Jellyfish collagen matrices conserve the chondrogenic phenotype in two- and three-dimensional collagen matrices


Cartilage is a tissue with a very low capability of self-repair and the search for suitable materials supporting the chondrogenic phenotype and thus avoiding fibrotic dedifferentiation for matrix-associated chondrocyte transplantation (MACI) is ongoing. Jellyfish collagen was thought to be a suitable material mainly because of its good availability and easy handling. Collagen was extracted from jellyfish Rhopilema esculentum and the spreading of porcine chondrocytes on two (2D) and three dimensional (3D) collagen matrices examined in comparison with vertebrate collagens, placenta collagen and a commercially available matrix from porcine collagen type I (Optimaix®). In 2D, most chondrocytes kept their round shape on jellyfish collagen and vertebrate collagen type II compared with vertebrate collagen type I. This was also confirmed in 3D experiments, where chondrocytes preserved their phenotype on jellyfish collagen, as indicated by high collagen II/(II + I) ratios (≥54 % and ~92 % collagen type II in mRNA and protein, respectively) and no proliferation during 28 days of cultivation. These observations were discussed with a view to potential structural differences of jellyfish collagen, which might influence the integrin-mediated adhesion mechanisms of vertebrate cells on jellyfish collagen. This probably results from a lack of integrin-binding sites and the existence of an alternative binding mechanism such that cells kept their round shape on jellyfish collagen, preventing chondrocytes from dedifferentiation. Thus, collagen from R. esculentum is a very suitable and promising material for cartilage tissue engineering. Copyright © 2015 John Wiley & Sons, Ltd.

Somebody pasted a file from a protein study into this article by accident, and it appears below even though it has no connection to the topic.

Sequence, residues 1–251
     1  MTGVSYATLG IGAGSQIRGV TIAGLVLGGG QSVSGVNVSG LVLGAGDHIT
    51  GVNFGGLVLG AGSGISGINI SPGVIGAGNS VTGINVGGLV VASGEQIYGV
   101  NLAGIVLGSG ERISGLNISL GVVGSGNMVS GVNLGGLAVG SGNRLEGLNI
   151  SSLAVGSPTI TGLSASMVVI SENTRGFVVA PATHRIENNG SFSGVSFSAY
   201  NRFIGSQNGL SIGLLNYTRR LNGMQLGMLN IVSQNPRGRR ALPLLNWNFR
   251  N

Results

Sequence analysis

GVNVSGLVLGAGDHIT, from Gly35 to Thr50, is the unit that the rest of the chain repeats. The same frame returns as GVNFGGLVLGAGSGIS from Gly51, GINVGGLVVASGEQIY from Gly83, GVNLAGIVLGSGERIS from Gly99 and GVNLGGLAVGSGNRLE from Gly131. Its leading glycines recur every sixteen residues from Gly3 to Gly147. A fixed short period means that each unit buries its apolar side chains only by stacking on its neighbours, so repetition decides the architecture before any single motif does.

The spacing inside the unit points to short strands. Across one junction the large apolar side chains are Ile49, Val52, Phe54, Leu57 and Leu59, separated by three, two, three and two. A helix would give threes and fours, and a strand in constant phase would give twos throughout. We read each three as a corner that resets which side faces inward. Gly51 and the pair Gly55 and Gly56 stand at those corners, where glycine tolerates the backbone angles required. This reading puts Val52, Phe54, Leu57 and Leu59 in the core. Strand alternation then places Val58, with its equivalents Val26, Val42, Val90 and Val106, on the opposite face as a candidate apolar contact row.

ZeitschriftJournal of tissue engineering and regenerative medicine
Seiten (von - bis)916-925
PublikationsstatusVeröffentlicht - 03.2017


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